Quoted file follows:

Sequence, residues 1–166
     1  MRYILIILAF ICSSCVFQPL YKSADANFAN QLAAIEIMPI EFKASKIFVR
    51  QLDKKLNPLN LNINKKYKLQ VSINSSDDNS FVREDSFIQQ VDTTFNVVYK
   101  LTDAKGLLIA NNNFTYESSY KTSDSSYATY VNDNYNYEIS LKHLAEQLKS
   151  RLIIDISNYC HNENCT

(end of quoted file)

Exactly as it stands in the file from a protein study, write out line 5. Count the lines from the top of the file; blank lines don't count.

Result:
   151  RLIIDISNYC HNENCT